There has been increased interest in using mechanical properties of cells as label-free biomarkers for applications in basic biology and clinical diagnostics. Increased single-cell deformability has been correlated with malignancy in cell lines and patient samples for example. In contrast to conventional molecular biomarkers a mechanical property is intrinsic to the cells of interest and does not require extensive sample preparation or costly labels. Still, clinical applications in this field have been limited to the research setting as previous tools have lacked the throughput to examine the heterogeneity of complex clinical samples effectively. The proposed work builds upon the deformability cytometry platform, which employs inertial microfluidic principles to create a fluid shearing extensional flo junction that can analyze mechanical properties of over 1000 cells per second. At the research platform stage, the deformability cytometry system has shown very promising clinical diagnostic utility in identifying malignant cells in pleural fluid with much higher sensitivity than the gold standard cytological analysis. Here we build off this initial success and address two major challenges to create a commercially viable high- throughput mechanical phenotyping platform.
We aim to reduce costs associated with high-speed camera readout, and decrease computational resources required to achieve near-real-time-rapid-decision analysis, faster data turnaround time and downstream sorting capabilities. Specifically, the aims of this proposal are to explore the feasibility of lower cost single-point interrogation modalities and high-speed imaging alternatives while retaining similar diagnostic performance. Single-point interrogation methods include transit-time of a pre- deformed cell prior to mechanically applied stress compared to post-deformed cells. Alternatively, single-point measurements of scattered light during the deformation events, similar to side-scatter flow cytometry measurements will be correlated to deformed cell shape. Both these approaches are expected to reduce computational resources as output data is 1D. Three alternative high-speed imaging techniques will also be evaluated 1) Position sensitive detectors (PSDs) are one axis imaging sensors - by placing two PSDs orthogonally 2D spatial data can be collected during deformation events, 2) Commercially available OEM high- speed image sensors. are customizable where onboard FPGA integration can be used to prescreen data in order to reduce offline image analysis workload, 3) adapted lower frame rate camera (10,000 fps) coupled to 500ns strobe source. Any of the proposed alternative acquisition methods will reduce the cost of the instrument and lower analysis time to create a clinically relevant label-free mechanical biomarker-based diagnostic product.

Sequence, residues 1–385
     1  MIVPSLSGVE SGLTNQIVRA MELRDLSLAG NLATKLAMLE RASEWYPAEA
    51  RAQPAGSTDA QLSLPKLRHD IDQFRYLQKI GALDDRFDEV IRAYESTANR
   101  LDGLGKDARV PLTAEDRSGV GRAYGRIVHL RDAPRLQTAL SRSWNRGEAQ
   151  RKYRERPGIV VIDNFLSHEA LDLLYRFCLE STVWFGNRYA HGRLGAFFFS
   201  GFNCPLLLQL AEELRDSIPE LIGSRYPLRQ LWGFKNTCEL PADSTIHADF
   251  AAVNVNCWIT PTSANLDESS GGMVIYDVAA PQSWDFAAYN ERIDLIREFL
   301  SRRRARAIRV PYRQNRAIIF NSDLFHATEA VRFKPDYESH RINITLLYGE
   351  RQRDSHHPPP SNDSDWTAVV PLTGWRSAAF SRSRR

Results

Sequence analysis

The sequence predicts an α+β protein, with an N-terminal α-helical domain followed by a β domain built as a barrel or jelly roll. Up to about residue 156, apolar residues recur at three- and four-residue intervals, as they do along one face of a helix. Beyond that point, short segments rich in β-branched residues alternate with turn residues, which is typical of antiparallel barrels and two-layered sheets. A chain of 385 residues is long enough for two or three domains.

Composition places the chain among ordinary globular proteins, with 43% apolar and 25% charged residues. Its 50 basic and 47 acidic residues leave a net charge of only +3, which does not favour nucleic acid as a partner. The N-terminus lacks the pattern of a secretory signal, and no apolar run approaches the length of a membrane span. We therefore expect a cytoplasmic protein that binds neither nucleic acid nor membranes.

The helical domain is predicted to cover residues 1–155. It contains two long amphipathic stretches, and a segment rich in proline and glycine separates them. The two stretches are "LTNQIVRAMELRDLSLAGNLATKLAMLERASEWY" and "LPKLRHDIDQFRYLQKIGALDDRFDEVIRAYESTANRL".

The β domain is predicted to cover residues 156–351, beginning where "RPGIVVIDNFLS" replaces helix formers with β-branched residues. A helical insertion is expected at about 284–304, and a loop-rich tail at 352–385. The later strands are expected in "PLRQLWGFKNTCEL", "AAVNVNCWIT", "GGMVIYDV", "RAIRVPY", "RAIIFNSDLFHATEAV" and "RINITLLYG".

Public Health Relevance

We are developing a next generation diagnostic tool to identify cancer in body fluids based on measuring the inherent mechanical features of the cells. The proposed work will characterize reduced complexity methods of recording cell mechanical properties for a commercial diagnostic instrument. Ultimately, this tool will improve diagnostic accuracy with a simple automated platform, minimize the number of invasive procedures, and reduce overall healthcare costs.

National Institute of Health (NIH)
National Center for Advancing Translational Sciences (NCATS)
Small Business Innovation Research Grants (SBIR) - Phase I (R43)
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Special Emphasis Panel (ZRG1-IMST-K (14))
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Boller, Francois
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Cytovale, Inc.
South San Francisco
United States
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